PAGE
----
There is a rich literature associated with astronomy and planetary science. The trouble is that, the longer or more specialized the book, the faster it goes out of date. On the other hand, some (not all!) websites are frequently updated. To help you discover more about planets, I suggest a few of the best books and several appropriate entry points to the internet.
J. K. Beatty, C. C. Peterson, and A. Chaikin (eds.), The New Solar System, 4th edn. (Sky Publishing Corporation and Cambridge University Press, 1999). This covers the lot. Each chapter is written by a specialist author. Badly dated in parts, but it remains a highly accessible classic.
I. Gilmour and M. A. Sephton (eds.), An Introduction to Astrobiology (Cambridge University Press, 2003). Updated in 2007, this is the second of two volumes based around an Open University course on planetary science, written at early undergraduate level. This one covers life, Mars, Europa, and Titan as potential habitats, and exoplanets. New edition expected 2011.
N. McBride and I. Gilmour (eds.), An Introduction to the Solar System (Cambridge University Press, 2003). Updated in 2007, this is the first of two volumes based around an Open University course on planetary science, written at early undergraduate level. It covers all the major components of the Solar System, except the Sun. New edition expected 2011.
S. A. Stern (ed.), Our Worlds: The Magnetism and Thrill of Planetary Exploration (Cambridge University Press, 1999). Easy but informative reading. Each chapter is a personal account by one of the leading practitioners.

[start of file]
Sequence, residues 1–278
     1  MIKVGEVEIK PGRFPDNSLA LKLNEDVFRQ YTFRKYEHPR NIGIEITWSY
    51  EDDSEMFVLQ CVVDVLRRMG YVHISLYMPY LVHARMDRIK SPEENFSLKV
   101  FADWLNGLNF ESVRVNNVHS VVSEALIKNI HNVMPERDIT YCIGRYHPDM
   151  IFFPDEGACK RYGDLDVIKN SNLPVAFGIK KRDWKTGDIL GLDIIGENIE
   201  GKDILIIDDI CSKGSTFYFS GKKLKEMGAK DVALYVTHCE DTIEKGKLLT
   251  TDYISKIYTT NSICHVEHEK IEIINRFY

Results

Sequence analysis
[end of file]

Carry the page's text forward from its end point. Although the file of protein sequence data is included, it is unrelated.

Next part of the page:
D. A. Weintraub, Is Pluto a Planet? (Princeton University Press, 2007). If you’ve read this far, then you already know the answer to the question posed by this book’s title. However, it covers much more than that, being an historical account of human perception of planets from ancient times right up to the recent squabbles over the classification of TNOs.
(٢) الكواكب الأرضية
M. Hanlon, The Real Mars (Constable, 2004). A science writer’s perspective on Mars, simply written and beautifully illustrated.
J. S. Kargel, Mars: A Warmer Wetter Planet (Springer Praxis, 2004). One leading scientist’s personal view of the role of hidden water on Mars.
R. M. C. Lopes and T. K. P. Gregg (eds.), Volcanic Worlds: Exploring the Solar System’s Volcanoes (Springer Praxis, 2004). A popular account, with chapters by specialist authors dealing with volcanism on each terrestrial planet, the Moon, Io, and icy satellites.
R. G. Strom and A. L. Sprague, Exploring Mercury (Springer Praxis, 2003). This is the best review of Mercury that I know, but written before MESSENGER began to study the planet.
J. Bell and J. Mitton (eds.), Asteroid Rendezvous: NEAR Shoemaker’s Adventures at Eros (Cambridge University Press, 2002). A well-illustrated and popular account of the findings of the first probe to orbit and then crash onto an asteroid.
(٤) الكواكب العملاقة
F. Bagenal, T. Dowling, and W. McKinnon (eds.), Jupiter: The Planet, Satellites and Magnetosphere (Cambridge University Press, 2004). A fat volume with 26 chapters written by specialist authors. Will take you much further than the current book.
E. D. Miner and R. R. Wessen, Neptune: The Planet, Rings and Satellites (Springer Praxis, 2002). A much slimmer and more simply written volume. Unlikely to date badly.
R. Greenberg, Unmasking Europa (Springer, 2007). A clear and authoritative account of Europa, including some scathing passages about how Greenberg’s research team had to struggle against the establishment to gain acceptance for their thin ice interpretation.